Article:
Adrian Scott Duane posted a complaint on Glassdoor.com about his company IXL Learning days before he was fired. “If you’re not a family-oriented white or Asian straight or mainstream gay person with 1.7 kids who really likes softball—then you’re likely to find yourself on the outside,” Duane wrote.
The transgender mathematician said managers at the education technology company “do not know what the word ‘discrimination’ means, nor do they seem to think it matters.”
The company acknowledged Duane, who had recently complained he was treated differently because of his gender identity, was fired over his negative post on the job-review site. This complaint was at the root of the U.S. Equal Employment Opportunity commission’s retaliation lawsuit against the San Mateo, California, company.
What might have seemed like an easy win for the EEOC was anything but. A jury recently sided with IXL in California federal district court.
Jeffrey Wilson, a Young Basile Hanlon & MacFarlane shareholder in Michigan who represented IXL in court, said the facts of Duane’s case provided a steep hill for the defense. The EEOC doesn’t often lose at trial, and the venue was progressive San Francisco.
“I read some of the headlines on our case, and I even thought, ‘How did the jury find for the company here?’ This is someone who went on a two-month gender confirmation surgery leave. He comes back and complains about discrimination, he’s then fired two days later after the complaint. They admit they fired him for the post. How did that possibly result in a verdict for the company?” Wilson said in an interview.
Wilson said the defense carefully focused arguments from the start of the case, to settlement discussions and eventually at trial. “I had to make sure the jury understood what the EEOC was alleging, and what they were not alleging,” Wilson said.
Duane’s attorney, David Marek, did not respond to requests for comment. Duane did not respond to an email sent to his personal address. EEOC lawyers said Tuesday in a court filing they are still mulling whether to pursue a request for a new trial or to appeal the jury’s verdict.
Duane, according to the EEOC, said he believed the company was unwelcome to those “who do not fit into neat categories of gender identity, orientation, and expression.” The lawsuit said employees asked Duane inappropriate questions about his gender identity and orientation. The complaint also claimed Duane was treated differently when he asked for accommodations to work remotely.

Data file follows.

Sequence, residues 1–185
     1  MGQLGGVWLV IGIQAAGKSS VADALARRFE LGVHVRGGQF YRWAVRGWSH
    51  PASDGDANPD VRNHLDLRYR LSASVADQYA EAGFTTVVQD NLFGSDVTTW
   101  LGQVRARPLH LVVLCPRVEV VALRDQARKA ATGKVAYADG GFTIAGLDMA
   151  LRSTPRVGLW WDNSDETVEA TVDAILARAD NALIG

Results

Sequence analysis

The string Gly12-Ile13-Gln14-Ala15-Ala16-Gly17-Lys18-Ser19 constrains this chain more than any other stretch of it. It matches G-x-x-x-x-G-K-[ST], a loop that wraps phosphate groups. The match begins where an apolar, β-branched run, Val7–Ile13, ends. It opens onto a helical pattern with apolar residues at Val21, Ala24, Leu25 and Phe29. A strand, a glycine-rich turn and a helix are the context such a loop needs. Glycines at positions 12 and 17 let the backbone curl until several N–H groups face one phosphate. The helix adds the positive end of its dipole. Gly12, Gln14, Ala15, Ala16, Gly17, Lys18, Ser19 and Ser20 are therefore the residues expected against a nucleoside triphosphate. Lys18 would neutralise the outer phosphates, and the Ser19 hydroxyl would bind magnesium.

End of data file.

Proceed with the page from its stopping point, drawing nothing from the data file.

Most of the EEOC’s claims are resolved through settlements and other agreements that are filed before any lawsuit is brought. The agency’s attempt to settle claims against IXL failed, and the agency filed suit in May 2017 in the U.S. District Court for the Northern District of California. The EEOC boasts a high success rate of success in lawsuits filed in court and rarely takes cases to trial. The agency achieved what it called a “successful outcome” in more than 90 percent of its cases last year, according to a report in January.
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Duane’s post on Glassdoor featured prominently in the agency’s news release announcing the lawsuit. “While the platforms for employees to speak out against discrimination are evolving with technology, the laws against retaliation remain constant,” EEOC trial attorney Ami Sanghvi said in a statement then. Retaliation claims are the leading complaints filed at the EEOC, making up 45 percent of filings.
Wilson and IXL, a leading national provider of online educational services, argued management had no knowledge that Duane was transgender, only that he presented as a gay man. The company stressed it valued training and oversight.
In a discrimination case, the plaintiffs need to prove some motive or pretext in an adverse action. Retaliation is simpler, and the company’s admission that it fired Duane for his Glassdoor post posed hurdles for the defense.
Jury selection gave insight into Wilson’s strategy. Two of the eight jurors had close relatives, including a child, who were transgender. Wilson said he welcomed those jurors and felt they were likely to recognize what he described as genuine claims of retaliation.
The defense brought in executives and company employees to discuss workplace culture and what IXL does day to day. Wilson said the defense arguments centered around the company’s accommodations of Duane’s requests.
The company earlier fought—and won—against Duane’s claims at the National Labor Relations Board. An administrative law judge in 2016 ruled for the company, concluding Duane’s Glassdoor review was “individual gripes posted to hurt [IXL's] ability to recruit prospective employees” that constituted a “reckless and impetuous reaction to [IXL's] hesitation to immediately accepting Duane’s regular fifty percent remote work privilege.”
Alexander Batoff, an associate in Philadelphia at Obermayer Rebmann Maxwell & Hippel, warned in a blog post that Duane’s loss at trial should not make employers “declare victory in the Glassdoor Wars.”
“The issue of whether a challenged employment decision is discriminatory or retaliation is often highly circumstantial, and there is nothing stopping a future jury presented with similar (or even identical) facts from reaching the opposite conclusion,” Batoff wrote. “Nor does this case imply that transgender persons (with or without disabilities) can no longer succeed against employers on claims of unlawful discrimination or retaliation.”
Batoff said employers should take heed that the EEOC continues to push for transgender worker equality, despite the Trump administration’s moves against gender identity protections in court.
“Employers should stay tuned as these areas of the law continue to develop—not just with respect to transgender persons and critical online postings, but employees of all protected categories utilizing any mode of communication to voice workplace grievances,” Batoff said.